Picture the Homeless Publishes "Banking on Vacancy: Homelessness and Real Estate Specualtion."
Congratulations to our grantee, Picture the Homeless on publishing a report that we all can use against homelessness and gentrification.
Click here to read the report >>
This is just the first step, please help Picture the Homeless by pushing elected officials to pass Intro 48, which will empower the city to do an annual count of vacant buildings and lots so that people can start taking back their communities! We can no longer tolerate thousands of abandoned buildings while we have mass homelessness.
You can join the fight by taking part in the following:
-- Looking for people to fight against the warehousing of vacant buildings by reinvigorating PTH's Campaign: Housing, Not Warehousing Coalition to come up with tangible solutions against warehousing.
-- Reaching out to people in the community boards that were counted in order to hold town-hall meetings where PTH can create community based plans with the vacant buildings and lots that have been identified.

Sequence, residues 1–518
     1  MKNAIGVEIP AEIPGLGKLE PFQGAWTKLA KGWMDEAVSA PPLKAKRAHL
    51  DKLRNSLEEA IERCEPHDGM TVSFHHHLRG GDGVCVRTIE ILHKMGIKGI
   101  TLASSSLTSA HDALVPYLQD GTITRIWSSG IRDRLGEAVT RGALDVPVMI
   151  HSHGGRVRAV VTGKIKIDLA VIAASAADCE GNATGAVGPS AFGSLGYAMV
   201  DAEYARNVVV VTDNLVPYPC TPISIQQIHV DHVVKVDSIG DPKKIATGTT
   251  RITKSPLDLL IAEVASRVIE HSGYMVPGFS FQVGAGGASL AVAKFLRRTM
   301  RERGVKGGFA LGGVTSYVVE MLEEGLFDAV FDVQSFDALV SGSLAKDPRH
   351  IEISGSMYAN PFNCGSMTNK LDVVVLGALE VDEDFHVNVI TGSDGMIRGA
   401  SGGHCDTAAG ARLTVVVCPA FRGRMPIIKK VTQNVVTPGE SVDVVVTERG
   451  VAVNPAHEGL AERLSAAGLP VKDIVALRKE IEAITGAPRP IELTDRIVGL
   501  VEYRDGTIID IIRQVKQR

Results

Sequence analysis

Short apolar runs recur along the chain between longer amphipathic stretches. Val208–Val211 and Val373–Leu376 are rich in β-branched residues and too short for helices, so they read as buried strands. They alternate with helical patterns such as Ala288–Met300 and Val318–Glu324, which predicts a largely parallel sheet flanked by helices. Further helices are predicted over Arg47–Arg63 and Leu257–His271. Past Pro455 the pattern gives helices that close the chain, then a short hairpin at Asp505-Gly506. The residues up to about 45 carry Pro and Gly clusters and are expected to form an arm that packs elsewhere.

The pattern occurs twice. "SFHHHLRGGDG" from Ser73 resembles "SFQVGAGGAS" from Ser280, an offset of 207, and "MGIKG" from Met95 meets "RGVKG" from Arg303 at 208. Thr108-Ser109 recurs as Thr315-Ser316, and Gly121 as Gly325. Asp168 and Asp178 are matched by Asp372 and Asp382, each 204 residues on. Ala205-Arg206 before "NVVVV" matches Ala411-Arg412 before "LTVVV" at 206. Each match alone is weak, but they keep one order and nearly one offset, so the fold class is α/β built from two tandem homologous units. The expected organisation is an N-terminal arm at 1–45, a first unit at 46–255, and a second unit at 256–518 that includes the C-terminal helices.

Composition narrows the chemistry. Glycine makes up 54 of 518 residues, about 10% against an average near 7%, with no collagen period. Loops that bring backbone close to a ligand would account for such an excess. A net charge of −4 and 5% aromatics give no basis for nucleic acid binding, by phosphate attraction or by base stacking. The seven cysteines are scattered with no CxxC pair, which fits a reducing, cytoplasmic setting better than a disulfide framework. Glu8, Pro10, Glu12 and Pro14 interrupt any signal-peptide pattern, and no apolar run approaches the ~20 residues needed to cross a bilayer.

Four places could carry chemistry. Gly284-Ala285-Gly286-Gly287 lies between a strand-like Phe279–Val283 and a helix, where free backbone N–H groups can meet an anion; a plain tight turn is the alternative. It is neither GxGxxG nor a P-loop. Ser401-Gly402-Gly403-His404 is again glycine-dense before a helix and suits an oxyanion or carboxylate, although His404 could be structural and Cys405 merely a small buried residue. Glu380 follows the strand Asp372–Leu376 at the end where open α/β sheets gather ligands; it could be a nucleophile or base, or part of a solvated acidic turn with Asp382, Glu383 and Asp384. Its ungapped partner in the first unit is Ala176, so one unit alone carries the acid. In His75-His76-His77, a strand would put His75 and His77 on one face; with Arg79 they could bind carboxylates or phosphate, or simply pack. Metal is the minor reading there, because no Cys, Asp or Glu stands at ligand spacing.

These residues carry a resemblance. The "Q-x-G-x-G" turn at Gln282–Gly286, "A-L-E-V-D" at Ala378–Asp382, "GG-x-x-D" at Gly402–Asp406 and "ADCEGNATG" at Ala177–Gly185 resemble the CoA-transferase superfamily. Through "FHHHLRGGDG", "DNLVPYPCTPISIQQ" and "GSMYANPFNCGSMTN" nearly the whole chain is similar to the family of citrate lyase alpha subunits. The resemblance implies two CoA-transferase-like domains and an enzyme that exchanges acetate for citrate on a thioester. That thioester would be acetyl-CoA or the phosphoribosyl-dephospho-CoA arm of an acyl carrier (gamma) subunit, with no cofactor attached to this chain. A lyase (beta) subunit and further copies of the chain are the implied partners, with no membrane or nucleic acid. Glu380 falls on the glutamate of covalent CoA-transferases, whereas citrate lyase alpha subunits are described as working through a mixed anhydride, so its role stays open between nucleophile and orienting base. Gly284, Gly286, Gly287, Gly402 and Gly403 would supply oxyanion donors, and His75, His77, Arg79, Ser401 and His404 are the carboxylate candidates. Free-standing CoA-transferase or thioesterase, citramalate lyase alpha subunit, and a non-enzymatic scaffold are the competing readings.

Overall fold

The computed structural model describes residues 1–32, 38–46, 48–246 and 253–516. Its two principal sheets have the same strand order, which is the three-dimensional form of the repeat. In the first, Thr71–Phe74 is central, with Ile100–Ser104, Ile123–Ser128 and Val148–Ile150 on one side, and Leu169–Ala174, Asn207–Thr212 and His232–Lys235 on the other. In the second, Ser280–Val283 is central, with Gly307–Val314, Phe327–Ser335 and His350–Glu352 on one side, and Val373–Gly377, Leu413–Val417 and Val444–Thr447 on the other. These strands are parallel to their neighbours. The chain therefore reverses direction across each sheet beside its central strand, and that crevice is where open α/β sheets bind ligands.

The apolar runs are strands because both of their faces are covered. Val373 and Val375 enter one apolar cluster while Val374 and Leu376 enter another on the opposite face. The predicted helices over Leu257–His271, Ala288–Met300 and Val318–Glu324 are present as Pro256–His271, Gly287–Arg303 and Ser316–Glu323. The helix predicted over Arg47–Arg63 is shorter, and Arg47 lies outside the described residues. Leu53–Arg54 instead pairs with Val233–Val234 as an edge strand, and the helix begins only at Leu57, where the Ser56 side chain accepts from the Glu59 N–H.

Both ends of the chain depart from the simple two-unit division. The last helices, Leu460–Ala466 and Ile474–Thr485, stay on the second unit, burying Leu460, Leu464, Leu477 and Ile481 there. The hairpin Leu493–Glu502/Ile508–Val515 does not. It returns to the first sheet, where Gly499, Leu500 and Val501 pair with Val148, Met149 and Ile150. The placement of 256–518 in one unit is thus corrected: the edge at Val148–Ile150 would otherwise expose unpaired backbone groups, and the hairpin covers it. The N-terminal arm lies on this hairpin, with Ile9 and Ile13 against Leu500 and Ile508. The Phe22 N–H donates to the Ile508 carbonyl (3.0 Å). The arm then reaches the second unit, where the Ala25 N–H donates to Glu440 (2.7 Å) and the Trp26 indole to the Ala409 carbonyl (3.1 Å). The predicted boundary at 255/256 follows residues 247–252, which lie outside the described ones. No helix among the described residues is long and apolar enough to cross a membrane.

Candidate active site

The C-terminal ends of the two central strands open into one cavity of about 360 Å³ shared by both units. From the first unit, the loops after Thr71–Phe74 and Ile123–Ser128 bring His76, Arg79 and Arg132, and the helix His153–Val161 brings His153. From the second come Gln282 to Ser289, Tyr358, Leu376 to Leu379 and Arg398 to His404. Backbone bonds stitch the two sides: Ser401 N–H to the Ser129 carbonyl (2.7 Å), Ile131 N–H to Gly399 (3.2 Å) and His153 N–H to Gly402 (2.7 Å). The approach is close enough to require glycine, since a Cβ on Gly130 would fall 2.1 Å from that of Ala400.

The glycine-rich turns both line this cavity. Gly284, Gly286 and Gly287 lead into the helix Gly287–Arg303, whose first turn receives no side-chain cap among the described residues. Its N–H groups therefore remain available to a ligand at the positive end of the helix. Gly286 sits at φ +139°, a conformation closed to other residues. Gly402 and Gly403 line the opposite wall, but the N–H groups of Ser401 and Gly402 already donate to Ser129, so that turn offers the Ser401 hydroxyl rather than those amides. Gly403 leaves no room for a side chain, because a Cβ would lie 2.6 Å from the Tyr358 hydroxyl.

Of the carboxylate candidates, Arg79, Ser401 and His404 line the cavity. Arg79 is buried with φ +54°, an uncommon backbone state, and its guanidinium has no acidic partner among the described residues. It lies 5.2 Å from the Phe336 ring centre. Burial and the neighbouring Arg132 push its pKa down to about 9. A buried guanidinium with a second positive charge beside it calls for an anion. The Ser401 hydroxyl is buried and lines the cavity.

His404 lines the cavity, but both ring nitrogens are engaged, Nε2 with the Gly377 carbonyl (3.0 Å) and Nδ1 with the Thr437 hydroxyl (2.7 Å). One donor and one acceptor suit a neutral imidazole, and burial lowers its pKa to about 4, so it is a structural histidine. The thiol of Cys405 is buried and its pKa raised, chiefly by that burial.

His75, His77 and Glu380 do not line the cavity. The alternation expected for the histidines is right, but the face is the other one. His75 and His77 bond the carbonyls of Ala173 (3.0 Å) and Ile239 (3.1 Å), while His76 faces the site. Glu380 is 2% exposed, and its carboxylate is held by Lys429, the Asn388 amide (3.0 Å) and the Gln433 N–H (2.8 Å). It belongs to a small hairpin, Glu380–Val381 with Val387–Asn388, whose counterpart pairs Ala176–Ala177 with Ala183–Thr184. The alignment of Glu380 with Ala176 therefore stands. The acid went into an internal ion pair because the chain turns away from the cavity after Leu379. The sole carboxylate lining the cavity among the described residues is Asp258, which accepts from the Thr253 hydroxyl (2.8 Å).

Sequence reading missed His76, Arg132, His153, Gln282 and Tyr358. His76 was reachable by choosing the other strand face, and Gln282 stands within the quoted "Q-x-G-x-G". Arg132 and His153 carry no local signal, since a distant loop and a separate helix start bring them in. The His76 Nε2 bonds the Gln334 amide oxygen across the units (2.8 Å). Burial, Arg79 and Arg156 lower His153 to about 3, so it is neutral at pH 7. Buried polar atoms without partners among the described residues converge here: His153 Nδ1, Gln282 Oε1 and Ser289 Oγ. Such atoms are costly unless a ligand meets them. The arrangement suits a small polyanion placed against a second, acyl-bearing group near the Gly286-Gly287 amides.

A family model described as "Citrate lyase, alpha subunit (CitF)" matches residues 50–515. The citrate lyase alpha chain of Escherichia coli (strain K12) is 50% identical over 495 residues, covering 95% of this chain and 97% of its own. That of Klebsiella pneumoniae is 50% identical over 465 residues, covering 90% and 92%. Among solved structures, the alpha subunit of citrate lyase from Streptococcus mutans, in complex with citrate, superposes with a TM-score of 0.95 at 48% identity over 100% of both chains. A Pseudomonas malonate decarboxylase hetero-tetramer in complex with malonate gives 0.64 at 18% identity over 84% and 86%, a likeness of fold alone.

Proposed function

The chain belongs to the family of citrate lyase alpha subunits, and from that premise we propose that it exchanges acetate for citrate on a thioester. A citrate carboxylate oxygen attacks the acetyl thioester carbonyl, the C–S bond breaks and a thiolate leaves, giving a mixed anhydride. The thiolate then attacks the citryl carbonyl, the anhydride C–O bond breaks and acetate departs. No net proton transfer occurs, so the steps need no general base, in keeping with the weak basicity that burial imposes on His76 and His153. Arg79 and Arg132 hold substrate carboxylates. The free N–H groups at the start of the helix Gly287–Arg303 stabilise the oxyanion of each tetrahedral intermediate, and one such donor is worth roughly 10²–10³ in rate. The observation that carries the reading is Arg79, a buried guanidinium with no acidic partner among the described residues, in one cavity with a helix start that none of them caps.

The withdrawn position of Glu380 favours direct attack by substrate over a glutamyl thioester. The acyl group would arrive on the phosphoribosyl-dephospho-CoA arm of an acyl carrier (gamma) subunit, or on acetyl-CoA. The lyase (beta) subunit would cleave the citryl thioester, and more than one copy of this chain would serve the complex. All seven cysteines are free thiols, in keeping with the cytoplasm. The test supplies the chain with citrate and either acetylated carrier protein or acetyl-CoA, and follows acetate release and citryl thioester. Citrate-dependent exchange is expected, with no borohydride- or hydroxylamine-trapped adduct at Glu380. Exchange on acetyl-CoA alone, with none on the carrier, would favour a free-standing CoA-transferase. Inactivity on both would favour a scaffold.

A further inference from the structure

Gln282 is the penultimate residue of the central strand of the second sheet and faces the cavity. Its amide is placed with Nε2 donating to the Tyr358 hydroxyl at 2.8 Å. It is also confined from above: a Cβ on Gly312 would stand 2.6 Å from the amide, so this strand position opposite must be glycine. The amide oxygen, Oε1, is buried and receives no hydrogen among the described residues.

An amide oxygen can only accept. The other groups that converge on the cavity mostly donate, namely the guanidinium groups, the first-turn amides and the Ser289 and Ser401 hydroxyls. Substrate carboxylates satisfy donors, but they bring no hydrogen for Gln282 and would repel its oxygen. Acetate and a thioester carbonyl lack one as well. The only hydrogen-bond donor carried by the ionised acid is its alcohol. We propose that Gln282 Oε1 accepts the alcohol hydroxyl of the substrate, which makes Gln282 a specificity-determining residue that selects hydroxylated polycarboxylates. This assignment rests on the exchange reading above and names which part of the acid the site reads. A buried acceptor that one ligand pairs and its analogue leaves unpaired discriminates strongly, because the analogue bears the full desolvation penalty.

-- Spread the word about Intro 48 and the report by helping to coordinate teach ins in your neighborhood, organization, school, church, shelter, etc.
Diminishing Dollars: The Impact of the 2008 Financial Crisis on the Field of Social Justice Philanthropy
The economic crisis hit philanthropy and nonprofits hard. Its repercussions will be felt for years to come. In 2010, in partnership with the Foundation Center and a team of students from NYU, Cricket Island Foundation conducted the study Diminishing Dollars: The Impact of the 2008 Financial Crisis on the Field of Social Justice Philanthropy.
The report examines historical trends in foundation assets, spending, and giving levels; describes strategies used by foundations to cope with depleted assets immediately following the crisis; and presents projections through 2015 for asset and grantmaking levels.
What was found was not completely surprising: a small but important subset of grantmakers – those who work on issues ranging from human rights to environmental justice – has been disproportionately impacted by the global financial crisis and their recovery remains in jeopardy.
Key findings of the study indicate:
-- Unless the field sees five years of above average investment returns, social justice grantmaking in 2015 will remain below 2008 levels.
-- Small foundations (less than $50 million in assets) will struggle the most to recover from the economic downturn.
-- Nonprofit organizations seeking new funders will have a difficult time.
--Some foundations are unintentionally depleting their endowments at a very slow rate.